The latest documentary series to come to Disney+ is “On Pointe”, which is a six-part docu-series that captures a season in the School of American Ballet (SAB) in New York City.

This series follows the lives of the students ages 8 to 18 pursuing their dreams to become ballet dancers and has unprecedented access to the famous ballet institution, giving us a good look at what goes on at the school.  It’s the first time the school has opened its doors to a film crew, which I’m sure will make this series very interesting for those interested in ballet.

There are two main stories going on throughout the series, we see how older students rigorously train for professional careers, while we see the younger students rehearsing to perform in New York City Ballet’s holiday classic “George Balanchine’s The Nutcracker” onstage at the Lincoln Center.

Incorporating the desire to perform in the “The Nutcracker” is probably the more interesting story within this series, since its the most well-known ballet and watching young kids trying desperately to perform in the show is a natural hook to keep viewers interested.

“On Pointe” is a very well made documentary series and it’s very noticeable that this series wasn’t created by Disney.  It’s much more realistic since it shows the good and bad aspects of training to be a ballet dancer.  Everything is very bright and white, with the students being very open about their feelings and struggles.  It doesn’t pull any punches when it comes to students being disappointed in not getting what they want and shows how competitive ballet is.   Had Disney made it, I can’t help but think it would have been a bit more fluffy, which would have reduced the impact of the show.

Each episode is around 40+ minutes long and while there is an overall theme to each episode, generally focuses on a few different students and processes.

The amount of training they have to go through, what the children and their parents have to go through to fulfil their dreams is very impressive, though also a little sad.  As I often felt like it’s completely taken over their lives, with hardly a mention of a life outside of Ballet or other interests.  It’s great to see the determination to become the best, but there is a part of me that feels a little uncomfortable seeing them so focused that made me think what are they missing out on.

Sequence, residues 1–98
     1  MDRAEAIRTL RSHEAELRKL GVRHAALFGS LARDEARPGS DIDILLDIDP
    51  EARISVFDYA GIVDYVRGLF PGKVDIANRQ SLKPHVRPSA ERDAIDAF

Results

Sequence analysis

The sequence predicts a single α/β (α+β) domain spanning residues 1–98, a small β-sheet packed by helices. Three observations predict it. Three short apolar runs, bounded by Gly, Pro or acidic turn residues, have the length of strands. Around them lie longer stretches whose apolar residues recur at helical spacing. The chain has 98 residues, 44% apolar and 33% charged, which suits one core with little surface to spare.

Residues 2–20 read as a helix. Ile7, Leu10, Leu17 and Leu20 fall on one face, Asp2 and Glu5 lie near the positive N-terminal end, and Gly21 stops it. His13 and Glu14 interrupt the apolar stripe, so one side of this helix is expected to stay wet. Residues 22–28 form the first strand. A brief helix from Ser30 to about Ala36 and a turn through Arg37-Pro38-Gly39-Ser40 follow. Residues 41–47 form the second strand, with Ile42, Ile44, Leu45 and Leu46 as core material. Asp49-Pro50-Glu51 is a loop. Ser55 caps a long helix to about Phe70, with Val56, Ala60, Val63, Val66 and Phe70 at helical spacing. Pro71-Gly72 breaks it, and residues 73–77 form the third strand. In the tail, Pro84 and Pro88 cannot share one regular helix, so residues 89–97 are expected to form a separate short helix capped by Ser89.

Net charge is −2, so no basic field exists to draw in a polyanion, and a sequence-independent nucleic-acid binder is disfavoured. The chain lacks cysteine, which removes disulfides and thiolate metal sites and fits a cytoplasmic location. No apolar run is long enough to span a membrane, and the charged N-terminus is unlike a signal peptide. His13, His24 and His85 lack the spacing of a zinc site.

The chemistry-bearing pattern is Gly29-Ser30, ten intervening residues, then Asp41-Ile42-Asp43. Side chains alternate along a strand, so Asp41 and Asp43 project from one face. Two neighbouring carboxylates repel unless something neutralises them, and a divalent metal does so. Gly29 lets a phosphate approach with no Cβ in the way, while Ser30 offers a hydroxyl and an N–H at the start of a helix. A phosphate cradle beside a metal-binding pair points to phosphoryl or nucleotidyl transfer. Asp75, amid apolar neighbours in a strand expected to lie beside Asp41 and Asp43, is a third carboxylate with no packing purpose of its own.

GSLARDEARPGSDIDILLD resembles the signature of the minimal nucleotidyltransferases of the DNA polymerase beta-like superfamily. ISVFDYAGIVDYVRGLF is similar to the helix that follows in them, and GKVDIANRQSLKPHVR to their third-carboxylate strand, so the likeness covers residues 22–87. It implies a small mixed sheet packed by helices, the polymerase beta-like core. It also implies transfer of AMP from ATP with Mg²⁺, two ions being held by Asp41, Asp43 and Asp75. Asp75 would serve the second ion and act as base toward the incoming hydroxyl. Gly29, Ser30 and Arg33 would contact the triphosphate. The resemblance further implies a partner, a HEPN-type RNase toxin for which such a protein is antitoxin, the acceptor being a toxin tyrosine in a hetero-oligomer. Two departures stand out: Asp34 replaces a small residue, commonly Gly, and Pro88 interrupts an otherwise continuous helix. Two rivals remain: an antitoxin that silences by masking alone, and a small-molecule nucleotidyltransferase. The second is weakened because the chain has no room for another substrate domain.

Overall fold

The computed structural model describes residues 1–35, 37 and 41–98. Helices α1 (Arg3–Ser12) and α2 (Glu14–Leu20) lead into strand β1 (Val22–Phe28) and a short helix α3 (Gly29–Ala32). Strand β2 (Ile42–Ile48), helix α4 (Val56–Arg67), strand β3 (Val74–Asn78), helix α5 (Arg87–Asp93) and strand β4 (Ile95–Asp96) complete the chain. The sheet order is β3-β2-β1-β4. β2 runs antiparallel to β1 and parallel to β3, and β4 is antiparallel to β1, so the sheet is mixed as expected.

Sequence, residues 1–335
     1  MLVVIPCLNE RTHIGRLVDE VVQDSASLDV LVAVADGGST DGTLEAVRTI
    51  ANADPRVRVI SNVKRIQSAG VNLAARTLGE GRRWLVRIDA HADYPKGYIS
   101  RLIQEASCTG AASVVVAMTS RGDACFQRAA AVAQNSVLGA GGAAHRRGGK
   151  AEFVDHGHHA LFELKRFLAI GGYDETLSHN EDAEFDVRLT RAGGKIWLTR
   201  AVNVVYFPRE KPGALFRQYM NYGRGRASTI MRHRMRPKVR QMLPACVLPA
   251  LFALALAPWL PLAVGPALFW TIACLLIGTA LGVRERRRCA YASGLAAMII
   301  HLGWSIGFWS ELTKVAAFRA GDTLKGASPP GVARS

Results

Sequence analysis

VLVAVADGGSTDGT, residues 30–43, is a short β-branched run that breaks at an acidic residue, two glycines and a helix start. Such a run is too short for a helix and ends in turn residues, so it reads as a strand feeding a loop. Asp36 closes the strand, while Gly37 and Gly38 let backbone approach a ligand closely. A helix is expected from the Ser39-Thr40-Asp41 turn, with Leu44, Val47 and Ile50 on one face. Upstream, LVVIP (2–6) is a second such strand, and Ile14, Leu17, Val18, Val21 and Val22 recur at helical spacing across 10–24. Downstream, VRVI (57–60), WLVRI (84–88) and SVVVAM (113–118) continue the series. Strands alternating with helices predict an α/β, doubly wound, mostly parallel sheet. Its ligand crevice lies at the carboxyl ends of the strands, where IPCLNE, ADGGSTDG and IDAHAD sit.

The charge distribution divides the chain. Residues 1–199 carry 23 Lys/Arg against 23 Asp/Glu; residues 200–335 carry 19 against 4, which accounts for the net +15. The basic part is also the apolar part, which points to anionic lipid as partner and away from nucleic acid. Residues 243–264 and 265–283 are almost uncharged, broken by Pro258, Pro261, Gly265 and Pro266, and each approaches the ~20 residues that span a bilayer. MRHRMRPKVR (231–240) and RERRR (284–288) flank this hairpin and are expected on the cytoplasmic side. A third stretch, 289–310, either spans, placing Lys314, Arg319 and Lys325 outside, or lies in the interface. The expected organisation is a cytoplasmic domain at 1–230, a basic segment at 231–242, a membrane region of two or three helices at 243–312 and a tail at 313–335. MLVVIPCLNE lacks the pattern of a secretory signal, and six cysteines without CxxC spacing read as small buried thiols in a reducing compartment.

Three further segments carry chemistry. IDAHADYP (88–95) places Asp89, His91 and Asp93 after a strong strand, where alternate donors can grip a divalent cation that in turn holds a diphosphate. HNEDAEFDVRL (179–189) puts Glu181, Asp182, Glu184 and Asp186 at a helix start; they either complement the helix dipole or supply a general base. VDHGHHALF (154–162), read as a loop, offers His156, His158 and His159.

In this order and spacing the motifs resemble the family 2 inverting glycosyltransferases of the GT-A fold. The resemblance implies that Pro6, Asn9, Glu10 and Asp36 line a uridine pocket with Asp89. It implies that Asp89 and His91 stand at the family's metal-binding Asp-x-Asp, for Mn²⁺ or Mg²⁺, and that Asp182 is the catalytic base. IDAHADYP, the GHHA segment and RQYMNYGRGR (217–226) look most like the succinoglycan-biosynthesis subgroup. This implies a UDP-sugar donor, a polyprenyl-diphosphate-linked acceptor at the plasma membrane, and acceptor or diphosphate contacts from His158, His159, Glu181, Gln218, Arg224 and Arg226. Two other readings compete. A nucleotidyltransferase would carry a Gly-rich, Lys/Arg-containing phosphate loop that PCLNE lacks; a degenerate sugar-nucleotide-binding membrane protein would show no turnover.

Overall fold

Ever since it was announced that “On Pointe” would be coming to Disney+, its always been a show I struggled to get interested in.  Ballet is just not something I’m personally interested in or had any desire to learn about.  However, I think this documentary series did a great job in really showcasing what goes into becoming a ballet dancer in an interesting way.

One example was learning how important the “pointe” shoes that ballet dancers wear, how they are vital to the entire performance, yet they barely last a few days.  Seeing the kids trying desperately to maintain and repair their shoes to last a little longer to save money was in one way sad, but also humbling.  While they are available at a reduced price, buying two $50 dollar shoes a week seems insane to me, a person who maybe only buys 2 or 3 pairs of shoes at that price a year.  It’s stories like that which pulled me in as a viewer and fascinated me.

I was given access to the first half of the season for this review and while I did enjoy the 3 episodes much more than I was expecting, I’m not sure I’m going to watch the last 3 episodes, because, after 2 hours of watching kids practising ballet, I feel I’ve already got a really good sense of how much dedication the students and their families put into becoming a ballet dancer.

But I’m also kinda intrigued by the school and want to see how they pull off “The Nutcracker” performance, so I could easily see myself popping this show on over Christmas to finish the series off.  Something I certainly wasn’t expecting to say going into watching the show.

“On Pointe” is a perfect documentary for anyone with a passion for ballet, it’s extremely well made, honest and is a superb addition to Disney+.  But, if you aren’t interested in ballet, this probably isn’t for you.  I enjoyed it much more than I thought I would, which is what a good documentary does, it pulls you into their world and makes you care about the people involved.


Rating 3.5 out of 5

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Roger Palmer

Roger has been a Disney fan since he was a kid and this interest has grown over the years. He has visited Disney Parks around the globe and has a vast collection of Disney movies and collectibles. He is the owner of What's On Disney Plus & DisKingdom. Email: Twitter: Facebook:

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